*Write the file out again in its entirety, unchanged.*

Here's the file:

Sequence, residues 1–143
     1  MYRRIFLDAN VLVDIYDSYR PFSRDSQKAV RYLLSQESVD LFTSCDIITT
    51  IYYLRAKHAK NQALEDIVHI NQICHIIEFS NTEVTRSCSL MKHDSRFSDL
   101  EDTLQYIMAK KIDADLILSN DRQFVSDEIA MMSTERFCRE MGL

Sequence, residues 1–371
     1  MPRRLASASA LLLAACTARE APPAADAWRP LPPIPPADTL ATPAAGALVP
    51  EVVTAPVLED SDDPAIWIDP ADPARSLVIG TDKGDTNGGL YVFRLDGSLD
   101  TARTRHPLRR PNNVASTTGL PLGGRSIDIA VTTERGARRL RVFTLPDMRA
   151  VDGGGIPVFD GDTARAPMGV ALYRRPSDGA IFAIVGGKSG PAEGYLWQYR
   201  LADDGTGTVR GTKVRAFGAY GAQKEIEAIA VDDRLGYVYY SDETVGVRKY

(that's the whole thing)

Sequence, residues 1–143
     1  MYRRIFLDAN VLVDIYDSYR PFSRDSQKAV RYLLSQESVD LFTSCDIITT
    51  IYYLRAKHAK NQALEDIVHI NQICHIIEFS NTEVTRSCSL MKHDSRFSDL
   101  EDTLQYIMAK KIDADLILSN DRQFVSDEIA MMSTERFCRE MGL

Sequence, residues 1–371
     1  MPRRLASASA LLLAACTARE APPAADAWRP LPPIPPADTL ATPAAGALVP
    51  EVVTAPVLED SDDPAIWIDP ADPARSLVIG TDKGDTNGGL YVFRLDGSLD
   101  TARTRHPLRR PNNVASTTGL PLGGRSIDIA VTTERGARRL RVFTLPDMRA
   151  VDGGGIPVFD GDTARAPMGV ALYRRPSDGA IFAIVGGKSG PAEGYLWQYR
   201  LADDGTGTVR GTKVRAFGAY GAQKEIEAIA VDDRLGYVYY SDETVGVRKY